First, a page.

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Awards / Honors

Student design project honored at Engineering Days

May 4, 2010

Optical Biosensors, a student design project aimed at developing a test for a common canine cancer, took top honors at Colorado State University's Engineering Days celebration.

Design, fabrication, and testing

Engineering students took top honors for developing a test apparatus for a common canine cancer, hemangiosarcoma. From L to R: Liesel Mundhenke, Ashley Miller, Wesley Fuller, Torsten Kiljan, and Mohamed Eldeiry.

This was the third year for the project, but students this year handled the design, fabrication, and testing of the new chip, circuit, and software, which allowed for a fully automated collection of spectra.

The Optical Biosensors is a research project aimed at developing a test for a common canine cancer, hemangiosarcoma, by using a drop of blood. The apparatus the students helped develop requires a range of expertise including optics, fluid
dynamics, electronics, and biology.

The design team consisted of three electrical and computer engineering students, Wes Fuller, Torsten Kiljan and Ashley Miller, and two chemical and biological engineering students, Mohamed Eldeiry and Liesel Mundhenke.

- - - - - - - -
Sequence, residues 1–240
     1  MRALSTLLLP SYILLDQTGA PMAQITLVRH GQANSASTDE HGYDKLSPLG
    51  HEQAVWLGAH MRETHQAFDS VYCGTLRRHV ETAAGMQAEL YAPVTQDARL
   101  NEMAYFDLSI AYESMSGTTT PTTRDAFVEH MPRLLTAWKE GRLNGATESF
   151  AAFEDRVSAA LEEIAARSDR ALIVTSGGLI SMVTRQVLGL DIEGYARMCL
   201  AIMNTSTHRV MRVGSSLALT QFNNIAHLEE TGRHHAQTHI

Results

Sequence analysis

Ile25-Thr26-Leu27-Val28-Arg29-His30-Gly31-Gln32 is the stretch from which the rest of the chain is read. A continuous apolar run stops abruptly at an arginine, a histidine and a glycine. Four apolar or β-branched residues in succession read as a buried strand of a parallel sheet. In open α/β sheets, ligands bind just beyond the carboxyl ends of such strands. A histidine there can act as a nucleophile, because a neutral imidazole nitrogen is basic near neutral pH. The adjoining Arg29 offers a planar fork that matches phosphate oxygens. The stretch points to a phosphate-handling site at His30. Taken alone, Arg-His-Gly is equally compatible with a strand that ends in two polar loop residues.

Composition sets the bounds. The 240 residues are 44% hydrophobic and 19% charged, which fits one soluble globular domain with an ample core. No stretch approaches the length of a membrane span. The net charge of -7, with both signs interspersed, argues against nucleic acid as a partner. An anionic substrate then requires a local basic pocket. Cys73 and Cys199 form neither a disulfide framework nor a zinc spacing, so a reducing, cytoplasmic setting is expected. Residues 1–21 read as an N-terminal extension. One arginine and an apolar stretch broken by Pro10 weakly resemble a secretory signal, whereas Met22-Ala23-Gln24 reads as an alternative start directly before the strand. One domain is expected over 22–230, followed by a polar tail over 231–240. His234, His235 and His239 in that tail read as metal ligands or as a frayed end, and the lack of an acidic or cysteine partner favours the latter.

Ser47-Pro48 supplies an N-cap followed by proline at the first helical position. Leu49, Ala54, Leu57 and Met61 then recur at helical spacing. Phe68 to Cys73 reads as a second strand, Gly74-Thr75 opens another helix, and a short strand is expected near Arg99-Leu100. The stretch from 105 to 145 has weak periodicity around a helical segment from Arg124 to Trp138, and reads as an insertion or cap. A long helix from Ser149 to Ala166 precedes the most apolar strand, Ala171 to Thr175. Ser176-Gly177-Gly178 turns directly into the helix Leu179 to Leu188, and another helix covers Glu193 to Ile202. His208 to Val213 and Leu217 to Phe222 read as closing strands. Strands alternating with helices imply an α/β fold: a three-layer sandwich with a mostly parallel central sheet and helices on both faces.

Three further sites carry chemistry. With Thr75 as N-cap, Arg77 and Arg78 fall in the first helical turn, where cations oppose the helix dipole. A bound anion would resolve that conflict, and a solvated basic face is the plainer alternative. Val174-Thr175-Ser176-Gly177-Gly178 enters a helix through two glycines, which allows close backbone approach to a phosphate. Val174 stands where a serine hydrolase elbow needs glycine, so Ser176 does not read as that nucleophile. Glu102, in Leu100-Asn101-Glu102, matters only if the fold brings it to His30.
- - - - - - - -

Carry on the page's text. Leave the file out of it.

Clever work

Judges recognized the team for a “great and crisp presentation, excellent team management, clever work, and for the multidisciplinary aspect of the project.”

The engineering students at Colorado State University hold an annual Engineering Days celebration, or E-Days, to showcase student design projects. E-Days attracts visitors from the community and industry, as well as prospective students interested in engineering.

Electric field to control position of cells

The Optical Biosensors uses light from an LED or light-emitting diode that is passed through a tiny micro-fluidic channel. The channel is formed from two glass slides sandwiched together with electrodes that create electric fields to control the position of the cells. The slides are mirror coated to create an optical resonator, and the optical transmission spectrum of the cavity is used to examine the cell’s optical properties, which are different for cancer cells and blood cells.

The project was advised by Kevin Lear and two faculty affiliates, Dave Kisker, and Susan Hunter as well as graduate students Weina Wang and Joel Kindt.

Contact: Emily Wilmsen
Phone: (970) 491-2336